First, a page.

Marital Property / Equitable Distribution
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UNDERSTANDING MARITAL PROPERTY AND EQUITABLE DISTRIBUTION IN PITTSBURGH
As with alimony and custody disputes, the division of property can be a disputed issue in a divorce. Pennsylvania is an community property state, which means that the law considers all property and income acquired during the marriage to be the property of both spouses. Property division cannot be avoided in a divorce, because each spouse has a equal interest in marital property. The attorneys at Fenters Ward always advise our clients to settle these issues out of court if possible. Again, when settlement is not an option, the court will divide the property in a manner that it sees equally fair to both parties.
WHAT IS CONSIDERED MARITAL PROPERTY?
Marital property generally includes any real estate, assets, accounts and income acquired by either party during the marriage. There are exceptions. Property can be considered “separate” if the spouse acquired it before the marriage, and it remained separate throughout the marriage. For example, a piece of property purchased by one spouse before the marriage, remains separate property if the other spouse is not included in a new deed. But, if acquired during the marriage, only one spouse needs to be on the deed or title.
Gifts and inheritances are also considered separate property if given to one spouse during the marriage. However, the intent to remain separate property must remain throughout the marriage.
Property acquired after the date of separation are excluded from marital property. The date of separation should be clearly established by anyone concerned about the division of property. The parties must be living “separate and apart” meaning that they do not cohabitate, maintain a relationship publicly or privately, and keep finances separate.
Property that is excluded by a valid and enforceable pre-nuptial or post-nuptial agreement.
WHAT IS CONSIDERED MARITAL DEBT?
Marital debts are also divided during equitable distribution. If one or both spouses incurs a debt after the date of marriage and before the date of separation, then the debt is considered marital. This may include student loans, unpaid utilities, credit card debts and the like.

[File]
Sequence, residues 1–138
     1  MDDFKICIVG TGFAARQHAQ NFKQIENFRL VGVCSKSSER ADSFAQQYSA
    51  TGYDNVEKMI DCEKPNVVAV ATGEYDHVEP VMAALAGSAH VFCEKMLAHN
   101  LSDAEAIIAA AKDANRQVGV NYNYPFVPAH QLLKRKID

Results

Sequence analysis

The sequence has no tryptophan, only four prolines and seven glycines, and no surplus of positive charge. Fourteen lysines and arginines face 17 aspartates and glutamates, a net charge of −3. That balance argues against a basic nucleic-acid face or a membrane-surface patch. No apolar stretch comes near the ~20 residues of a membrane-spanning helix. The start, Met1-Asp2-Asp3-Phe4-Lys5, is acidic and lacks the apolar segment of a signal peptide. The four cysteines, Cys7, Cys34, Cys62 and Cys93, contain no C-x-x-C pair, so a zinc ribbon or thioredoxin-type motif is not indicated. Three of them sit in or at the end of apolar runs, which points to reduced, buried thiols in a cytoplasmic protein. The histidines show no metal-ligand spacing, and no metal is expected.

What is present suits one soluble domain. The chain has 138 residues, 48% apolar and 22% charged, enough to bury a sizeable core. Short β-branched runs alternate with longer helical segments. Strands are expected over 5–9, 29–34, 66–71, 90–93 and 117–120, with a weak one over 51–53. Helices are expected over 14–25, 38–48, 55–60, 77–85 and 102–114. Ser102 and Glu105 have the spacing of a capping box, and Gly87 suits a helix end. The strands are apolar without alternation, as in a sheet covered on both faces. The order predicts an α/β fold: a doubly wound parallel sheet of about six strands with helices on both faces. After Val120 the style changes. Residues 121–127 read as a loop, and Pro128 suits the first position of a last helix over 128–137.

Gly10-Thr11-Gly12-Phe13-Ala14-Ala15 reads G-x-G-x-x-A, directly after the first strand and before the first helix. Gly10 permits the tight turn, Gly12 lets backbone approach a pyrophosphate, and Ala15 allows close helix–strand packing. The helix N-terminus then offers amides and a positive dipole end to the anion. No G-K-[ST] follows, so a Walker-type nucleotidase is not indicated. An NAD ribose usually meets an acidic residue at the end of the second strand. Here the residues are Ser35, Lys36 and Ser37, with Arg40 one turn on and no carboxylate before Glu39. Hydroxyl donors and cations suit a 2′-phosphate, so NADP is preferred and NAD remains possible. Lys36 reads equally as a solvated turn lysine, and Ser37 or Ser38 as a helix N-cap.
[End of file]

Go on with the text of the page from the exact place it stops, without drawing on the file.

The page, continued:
HOW DOES THE COURT DIVIDE MARITAL PROPERTY?
Pennsylvania is an equitable distribution state, which means that the courts are to enforce a “fair” but not necessarily equal division of property. Unequal divisions may be a result of the following:
- One spouse has a greater earning capacity;
- One spouse has primary or full custody;
- Children have significant needs;
- One spouse has significant needs;
- One spouse has a greater education;
- Premarital assets;
- Contributions during marriage;
- Prior marriages;
- Length of marriage;
- Age, health and life expectancy.
If one spouse has a greater responsibility to care for the children, it is likely that spouse will be given a greater portion of the property. Specifically, Pennsylvania courts are more likely to award the marital home to the custodial parent, and/or take into account the time spent with each parent.
The rights of the spouse who brought an asset into the marriage are balanced against the rights of the spouse that moved into the residence during the marriage. If an asset (home, brokerage or retirement account) increased in value during the marriage, the increase in value is marital property. The spouse who brought the property in is given a credit for the value of that property on the date of the marriage.
OUR PITTSBURGH ATTORNEYS ARE HERE TO ASSIST YOU
The key word is “equitable” distribution. Equitable means “fair” but not necessarily equal. This concept is troublesome for individuals trying to represent their own interest. It is crucial to have an experienced attorney at your side from the outset. Often, to facilitate agreement over the distribution of assets, the parties will attend a mediation, whereby an independent third party, often a lawyer, will hear the arguments of both parties and work to achieve a reasonable agreement between them which can then form the basis for a Marital Settlement Agreement that can be filed in court. Call to speak with one of our experienced legal professionals today.
Questions? Get in Touch With A PA Divorce Attorney Today.